Why does Bewitched feel so queer? It was about a straight couple, after all, and never had a single explicitly LGBTQ+ character. And yet the sitcom, which ran from the mid-60s to the early 70s, has an intensely queer feeling. It somehow comes off as queer without ever actually coming out. How is that possible?
Behold, the power of subtext! Bewitched, which was recently referenced (obliquely) on the show WandaVision, was about a witch named Samantha who marries a mortal named Darren, and the couple decides to keep her powers a secret. The show debuted pre-Stonewall, at a time when gay characters were vanishingly few on television — particularly when it came to primetime and sitcoms.
But it was also the middle of the civil rights era, and many TV shows were using wacky high-concept premises to explore social issues through metaphor without actually addressing them.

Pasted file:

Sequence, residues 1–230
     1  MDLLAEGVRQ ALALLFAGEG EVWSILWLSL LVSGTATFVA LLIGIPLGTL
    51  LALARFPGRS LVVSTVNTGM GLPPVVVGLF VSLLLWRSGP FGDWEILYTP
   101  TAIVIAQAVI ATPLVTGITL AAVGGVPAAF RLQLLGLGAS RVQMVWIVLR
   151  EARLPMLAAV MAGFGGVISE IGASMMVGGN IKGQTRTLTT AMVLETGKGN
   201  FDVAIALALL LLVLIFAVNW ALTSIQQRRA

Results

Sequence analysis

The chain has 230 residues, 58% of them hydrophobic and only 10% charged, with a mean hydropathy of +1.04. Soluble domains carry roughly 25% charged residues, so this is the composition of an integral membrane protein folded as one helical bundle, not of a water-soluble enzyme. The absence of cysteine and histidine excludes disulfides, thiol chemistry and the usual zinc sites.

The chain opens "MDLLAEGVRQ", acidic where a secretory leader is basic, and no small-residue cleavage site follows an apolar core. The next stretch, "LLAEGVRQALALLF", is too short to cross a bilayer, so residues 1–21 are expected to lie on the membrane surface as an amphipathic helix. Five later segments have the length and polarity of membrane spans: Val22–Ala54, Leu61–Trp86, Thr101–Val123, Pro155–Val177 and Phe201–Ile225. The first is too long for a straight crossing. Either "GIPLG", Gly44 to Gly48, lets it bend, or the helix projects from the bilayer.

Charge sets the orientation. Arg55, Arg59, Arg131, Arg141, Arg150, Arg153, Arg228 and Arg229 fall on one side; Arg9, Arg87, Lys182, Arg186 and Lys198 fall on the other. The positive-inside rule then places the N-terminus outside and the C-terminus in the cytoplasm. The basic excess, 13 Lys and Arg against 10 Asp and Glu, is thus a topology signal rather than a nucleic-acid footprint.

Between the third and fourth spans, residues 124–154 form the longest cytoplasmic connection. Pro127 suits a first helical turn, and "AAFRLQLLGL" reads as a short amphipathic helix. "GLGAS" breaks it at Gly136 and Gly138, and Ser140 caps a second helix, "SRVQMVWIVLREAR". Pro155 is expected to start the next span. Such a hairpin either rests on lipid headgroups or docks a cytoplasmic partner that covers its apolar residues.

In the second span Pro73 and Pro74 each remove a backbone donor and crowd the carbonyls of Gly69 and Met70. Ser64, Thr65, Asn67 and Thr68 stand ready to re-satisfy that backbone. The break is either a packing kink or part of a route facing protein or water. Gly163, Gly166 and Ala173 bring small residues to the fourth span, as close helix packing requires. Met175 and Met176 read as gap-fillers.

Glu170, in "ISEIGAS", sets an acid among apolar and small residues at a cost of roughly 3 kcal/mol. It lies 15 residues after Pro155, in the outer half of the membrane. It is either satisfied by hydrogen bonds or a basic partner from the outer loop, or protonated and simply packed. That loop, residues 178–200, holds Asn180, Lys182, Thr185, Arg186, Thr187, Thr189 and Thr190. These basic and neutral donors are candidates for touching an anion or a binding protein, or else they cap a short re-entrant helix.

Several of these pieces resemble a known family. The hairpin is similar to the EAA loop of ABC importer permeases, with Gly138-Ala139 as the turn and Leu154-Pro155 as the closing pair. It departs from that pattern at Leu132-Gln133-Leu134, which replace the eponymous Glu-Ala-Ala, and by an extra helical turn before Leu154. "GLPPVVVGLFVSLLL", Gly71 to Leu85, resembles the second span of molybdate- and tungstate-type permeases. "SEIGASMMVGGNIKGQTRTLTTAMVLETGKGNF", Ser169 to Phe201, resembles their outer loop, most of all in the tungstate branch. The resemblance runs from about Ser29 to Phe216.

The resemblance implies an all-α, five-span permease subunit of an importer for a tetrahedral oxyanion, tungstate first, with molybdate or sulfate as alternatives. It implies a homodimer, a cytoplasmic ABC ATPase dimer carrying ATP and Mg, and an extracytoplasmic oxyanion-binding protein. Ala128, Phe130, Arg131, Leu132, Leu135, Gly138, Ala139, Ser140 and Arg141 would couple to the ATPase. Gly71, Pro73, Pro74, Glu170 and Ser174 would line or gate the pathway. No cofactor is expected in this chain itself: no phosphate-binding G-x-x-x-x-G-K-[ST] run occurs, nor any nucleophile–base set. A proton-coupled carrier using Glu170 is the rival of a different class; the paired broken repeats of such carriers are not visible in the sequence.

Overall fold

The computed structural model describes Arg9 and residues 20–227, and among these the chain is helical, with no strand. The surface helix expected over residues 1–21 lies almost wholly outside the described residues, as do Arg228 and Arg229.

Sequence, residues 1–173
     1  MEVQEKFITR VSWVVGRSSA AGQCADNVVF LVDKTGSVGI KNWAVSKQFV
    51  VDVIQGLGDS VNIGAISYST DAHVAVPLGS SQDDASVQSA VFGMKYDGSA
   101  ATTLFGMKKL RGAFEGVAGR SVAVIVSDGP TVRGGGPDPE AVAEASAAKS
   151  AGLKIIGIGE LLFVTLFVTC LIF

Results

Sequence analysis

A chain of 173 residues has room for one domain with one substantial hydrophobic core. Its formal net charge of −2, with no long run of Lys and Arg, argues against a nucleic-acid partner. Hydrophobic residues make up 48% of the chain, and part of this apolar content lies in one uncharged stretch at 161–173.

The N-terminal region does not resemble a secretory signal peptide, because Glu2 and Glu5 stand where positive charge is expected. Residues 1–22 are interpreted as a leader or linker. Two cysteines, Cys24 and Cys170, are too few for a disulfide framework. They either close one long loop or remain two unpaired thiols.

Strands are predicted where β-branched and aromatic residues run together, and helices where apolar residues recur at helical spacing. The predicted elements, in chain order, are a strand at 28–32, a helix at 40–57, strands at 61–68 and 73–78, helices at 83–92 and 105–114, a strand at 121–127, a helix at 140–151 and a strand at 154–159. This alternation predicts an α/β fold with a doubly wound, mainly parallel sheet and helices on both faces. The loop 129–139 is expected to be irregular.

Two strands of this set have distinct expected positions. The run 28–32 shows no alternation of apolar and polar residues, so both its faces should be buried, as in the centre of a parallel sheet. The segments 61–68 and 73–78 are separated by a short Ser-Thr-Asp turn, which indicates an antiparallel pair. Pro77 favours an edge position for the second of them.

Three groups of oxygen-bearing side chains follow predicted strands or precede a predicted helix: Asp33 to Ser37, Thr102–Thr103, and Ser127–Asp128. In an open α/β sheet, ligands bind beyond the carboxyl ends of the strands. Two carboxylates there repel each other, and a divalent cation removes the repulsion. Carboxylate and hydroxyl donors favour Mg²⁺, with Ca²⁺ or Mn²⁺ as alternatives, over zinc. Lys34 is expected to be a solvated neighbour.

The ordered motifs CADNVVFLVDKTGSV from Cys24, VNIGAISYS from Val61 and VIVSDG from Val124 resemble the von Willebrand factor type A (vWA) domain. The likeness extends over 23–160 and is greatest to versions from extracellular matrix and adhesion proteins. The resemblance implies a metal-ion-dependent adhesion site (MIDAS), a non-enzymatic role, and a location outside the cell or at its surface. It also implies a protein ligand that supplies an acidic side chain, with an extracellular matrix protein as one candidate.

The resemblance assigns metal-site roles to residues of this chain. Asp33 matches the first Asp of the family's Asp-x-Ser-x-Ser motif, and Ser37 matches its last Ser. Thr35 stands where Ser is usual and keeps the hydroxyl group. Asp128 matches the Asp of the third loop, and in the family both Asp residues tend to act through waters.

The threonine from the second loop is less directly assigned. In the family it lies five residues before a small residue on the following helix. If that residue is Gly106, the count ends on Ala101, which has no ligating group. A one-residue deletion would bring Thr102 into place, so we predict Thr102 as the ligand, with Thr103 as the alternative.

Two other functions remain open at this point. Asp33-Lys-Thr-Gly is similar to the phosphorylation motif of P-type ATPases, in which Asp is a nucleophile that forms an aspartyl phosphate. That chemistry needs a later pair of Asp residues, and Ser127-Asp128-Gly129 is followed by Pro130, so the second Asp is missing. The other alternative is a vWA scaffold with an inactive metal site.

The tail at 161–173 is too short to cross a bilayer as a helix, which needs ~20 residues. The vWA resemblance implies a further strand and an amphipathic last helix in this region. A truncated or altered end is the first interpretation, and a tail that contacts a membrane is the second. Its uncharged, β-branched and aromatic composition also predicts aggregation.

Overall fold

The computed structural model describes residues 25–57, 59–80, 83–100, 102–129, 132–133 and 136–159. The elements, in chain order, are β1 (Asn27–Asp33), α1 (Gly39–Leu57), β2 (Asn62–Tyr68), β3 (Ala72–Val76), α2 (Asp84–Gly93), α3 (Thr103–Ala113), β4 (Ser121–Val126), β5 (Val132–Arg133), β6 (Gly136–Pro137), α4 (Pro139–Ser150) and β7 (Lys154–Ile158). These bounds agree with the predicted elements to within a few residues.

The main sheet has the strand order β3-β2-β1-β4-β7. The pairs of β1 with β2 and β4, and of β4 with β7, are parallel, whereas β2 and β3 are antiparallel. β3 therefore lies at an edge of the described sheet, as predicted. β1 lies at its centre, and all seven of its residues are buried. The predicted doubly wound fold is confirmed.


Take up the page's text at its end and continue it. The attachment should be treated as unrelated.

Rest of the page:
Bewitched managed to put a queer allegory in front of viewers by leaning heavily on the metaphor of the closet. In one early-season episode, a group of witches complains about having to hide while also warning about the danger they’d face if they were “out.” In another episode, Samantha tries to repress her inherent magic so much it starts going haywire, and a doctor advises her that she’ll always be a witch and she needs to stop feeling guilty about who she truly is.